About Contact Dermatitis
Does your skin become red and irritated after using a new skincare product or coming in contact with certain metals or chemicals? If so, you may have experienced contact dermatitis.
Most people have experienced contact dermatitis at some point in their lives. It occurs when your skin comes in contact with a foreign substance causing your skin to react by becoming red, irritated, and often itchy. While the reactions are often unpleasant, contact dermatitis is typically never severe and symptoms often subside in a short period of time.
Common Causes of Contact Dermatitis
Common irritants known to cause contact dermatitis symptoms include:
- Latex gloves
- Poison oak or poison ivy
- Nickel or gold jewelry
- Fragrance chemicals in lotion, perfume, shampoo, cosmetics, and more
- Hair dyes
Contact Dermatitis Symptoms
When your skin comes in contact with an allergen, you may not get a rash the first time you touch it. But one touch can make your skin more sensitive causing a reaction the next time you come in contact with it.
Common symptoms of contact dermatitis include:
- Dry, itchy skin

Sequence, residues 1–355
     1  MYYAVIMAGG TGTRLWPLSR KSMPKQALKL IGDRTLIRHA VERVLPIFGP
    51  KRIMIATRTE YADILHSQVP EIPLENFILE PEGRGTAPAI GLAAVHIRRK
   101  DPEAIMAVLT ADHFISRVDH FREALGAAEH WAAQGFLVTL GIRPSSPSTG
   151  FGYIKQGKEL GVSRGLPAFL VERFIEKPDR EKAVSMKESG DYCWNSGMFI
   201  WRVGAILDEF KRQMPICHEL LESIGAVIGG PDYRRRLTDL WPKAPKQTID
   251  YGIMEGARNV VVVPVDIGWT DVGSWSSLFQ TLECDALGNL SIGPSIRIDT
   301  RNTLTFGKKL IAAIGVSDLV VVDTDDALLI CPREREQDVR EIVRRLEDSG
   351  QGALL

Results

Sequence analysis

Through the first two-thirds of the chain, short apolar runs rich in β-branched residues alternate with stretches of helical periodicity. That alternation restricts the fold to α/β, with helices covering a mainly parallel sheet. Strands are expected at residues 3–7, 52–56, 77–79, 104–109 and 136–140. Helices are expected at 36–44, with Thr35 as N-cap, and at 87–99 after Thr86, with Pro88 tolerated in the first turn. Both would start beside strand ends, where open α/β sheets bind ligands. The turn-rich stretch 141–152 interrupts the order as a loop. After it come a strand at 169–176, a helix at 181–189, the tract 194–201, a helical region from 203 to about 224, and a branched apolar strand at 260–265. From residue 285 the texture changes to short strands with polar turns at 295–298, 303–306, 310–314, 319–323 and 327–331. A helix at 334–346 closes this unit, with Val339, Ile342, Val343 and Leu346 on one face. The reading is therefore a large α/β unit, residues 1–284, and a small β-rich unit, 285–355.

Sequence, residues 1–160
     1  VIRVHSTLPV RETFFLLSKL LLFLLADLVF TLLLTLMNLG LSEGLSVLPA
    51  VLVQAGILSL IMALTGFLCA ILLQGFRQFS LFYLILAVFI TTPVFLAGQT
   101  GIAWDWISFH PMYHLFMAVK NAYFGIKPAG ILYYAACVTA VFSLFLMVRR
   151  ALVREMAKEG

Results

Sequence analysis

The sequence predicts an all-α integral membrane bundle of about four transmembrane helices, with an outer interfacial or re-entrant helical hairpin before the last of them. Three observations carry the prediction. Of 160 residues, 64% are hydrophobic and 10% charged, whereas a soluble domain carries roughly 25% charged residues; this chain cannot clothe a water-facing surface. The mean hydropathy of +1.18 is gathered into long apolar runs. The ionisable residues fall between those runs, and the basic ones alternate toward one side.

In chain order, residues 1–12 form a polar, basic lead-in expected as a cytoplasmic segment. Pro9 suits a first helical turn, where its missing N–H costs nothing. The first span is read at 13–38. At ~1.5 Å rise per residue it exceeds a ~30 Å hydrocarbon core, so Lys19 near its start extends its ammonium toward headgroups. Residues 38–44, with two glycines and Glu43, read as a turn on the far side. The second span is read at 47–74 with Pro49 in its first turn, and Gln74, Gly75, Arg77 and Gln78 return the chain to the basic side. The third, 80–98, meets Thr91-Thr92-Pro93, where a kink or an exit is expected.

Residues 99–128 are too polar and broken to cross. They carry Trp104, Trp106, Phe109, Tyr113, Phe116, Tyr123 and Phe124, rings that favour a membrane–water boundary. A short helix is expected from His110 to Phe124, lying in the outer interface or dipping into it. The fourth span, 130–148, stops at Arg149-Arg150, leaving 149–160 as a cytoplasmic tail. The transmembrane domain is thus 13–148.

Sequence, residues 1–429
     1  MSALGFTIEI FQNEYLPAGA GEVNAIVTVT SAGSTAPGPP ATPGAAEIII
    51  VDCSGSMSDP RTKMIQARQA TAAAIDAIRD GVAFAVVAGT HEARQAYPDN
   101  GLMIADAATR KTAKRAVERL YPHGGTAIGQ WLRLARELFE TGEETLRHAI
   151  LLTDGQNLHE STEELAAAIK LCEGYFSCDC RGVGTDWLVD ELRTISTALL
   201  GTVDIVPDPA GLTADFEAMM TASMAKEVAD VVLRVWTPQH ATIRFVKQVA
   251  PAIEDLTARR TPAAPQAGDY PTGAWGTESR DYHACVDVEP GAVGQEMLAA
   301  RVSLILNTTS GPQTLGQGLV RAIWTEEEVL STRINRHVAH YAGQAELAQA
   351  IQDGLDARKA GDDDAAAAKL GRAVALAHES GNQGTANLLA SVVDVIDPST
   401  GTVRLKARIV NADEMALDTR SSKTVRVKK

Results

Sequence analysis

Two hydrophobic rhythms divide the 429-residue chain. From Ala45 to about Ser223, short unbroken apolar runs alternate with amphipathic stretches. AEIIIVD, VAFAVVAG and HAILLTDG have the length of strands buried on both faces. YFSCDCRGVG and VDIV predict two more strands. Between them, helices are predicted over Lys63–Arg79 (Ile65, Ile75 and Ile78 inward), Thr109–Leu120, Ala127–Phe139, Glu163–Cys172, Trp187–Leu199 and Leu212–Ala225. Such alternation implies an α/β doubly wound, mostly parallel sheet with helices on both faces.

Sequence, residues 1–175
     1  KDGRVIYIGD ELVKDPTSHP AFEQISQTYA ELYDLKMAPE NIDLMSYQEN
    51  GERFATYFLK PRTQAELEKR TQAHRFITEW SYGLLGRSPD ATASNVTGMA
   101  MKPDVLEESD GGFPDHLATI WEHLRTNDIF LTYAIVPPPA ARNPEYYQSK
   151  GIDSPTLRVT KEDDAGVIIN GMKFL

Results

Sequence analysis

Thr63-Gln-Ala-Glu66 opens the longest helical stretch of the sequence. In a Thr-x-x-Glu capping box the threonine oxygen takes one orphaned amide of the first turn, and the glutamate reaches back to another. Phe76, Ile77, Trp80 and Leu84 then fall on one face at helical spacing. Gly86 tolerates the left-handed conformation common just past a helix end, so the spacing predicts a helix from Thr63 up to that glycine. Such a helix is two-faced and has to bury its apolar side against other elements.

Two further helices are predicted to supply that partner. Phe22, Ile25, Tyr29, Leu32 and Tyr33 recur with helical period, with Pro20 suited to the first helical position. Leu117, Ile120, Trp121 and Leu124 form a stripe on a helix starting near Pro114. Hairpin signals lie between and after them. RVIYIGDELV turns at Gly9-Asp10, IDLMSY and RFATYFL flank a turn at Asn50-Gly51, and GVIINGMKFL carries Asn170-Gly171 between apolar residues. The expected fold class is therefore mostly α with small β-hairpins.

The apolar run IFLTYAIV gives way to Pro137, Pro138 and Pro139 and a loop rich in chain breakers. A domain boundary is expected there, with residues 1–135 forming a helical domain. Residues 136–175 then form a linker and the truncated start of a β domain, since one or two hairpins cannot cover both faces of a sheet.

- Redness or rash
- Flaky, scaly skin
- Sensitivity to the sun
- Dark or leathery skin
- Swelling in the eyes, face, or groin
Contact Dermatitis Diagnosis
Contact dermatitis is diagnosed by an allergist or your physician. They’ll examine your medical history and may ask several health questions such as:
- What do you do for work?
- When did you first notice a reaction?
- What were you doing when the reaction started?
- What makes the symptoms better?
- What makes the symptoms worse?
- Is the reaction triggered by a certain activity?
An allergist can help determine the exact cause of contact dermatitis through more testing. A patch test exposes a small patch of skin to an allergen, typically on your back, to see if your skin reacts. The allergen is kept on your skin for a specific period of time, usually around two days. If a reaction occurs, an allergist can determine the likely cause of your contact dermatitis.
Contact Dermatitis Management
If you discover you have an allergy to a specific substance, you should avoid contact with the allergen. For example, if it’s determined you have a nickel allergy, you should avoid wearing jewelry containing nickel. You may need to get a new pair of eyeglasses without nickel or cover your cell phone to avoid metals.
If a reaction occurs for other common allergens such as latex gloves and skincare products, avoid use and switch to alternative solutions to avoid further rashes or symptoms.
Treatment for Contact Dermatitis
If you develop contact dermatitis, symptoms often go away on their own after exposure to an allergen is removed. Keep the skin clean and apply anti-itching creams such as hydrocortisone or calamine lotion to alleviate symptoms. A steroid cream may be prescribed when common over-the-counter treatments don’t offer relief. If symptoms persist, contact your allergist for the best treatment options for you.
Are you suffering from contact dermatitis? Learn the cause of your symptoms through allergy testing. Contact the Allergy & Asthma Specialists of North Florida for more information.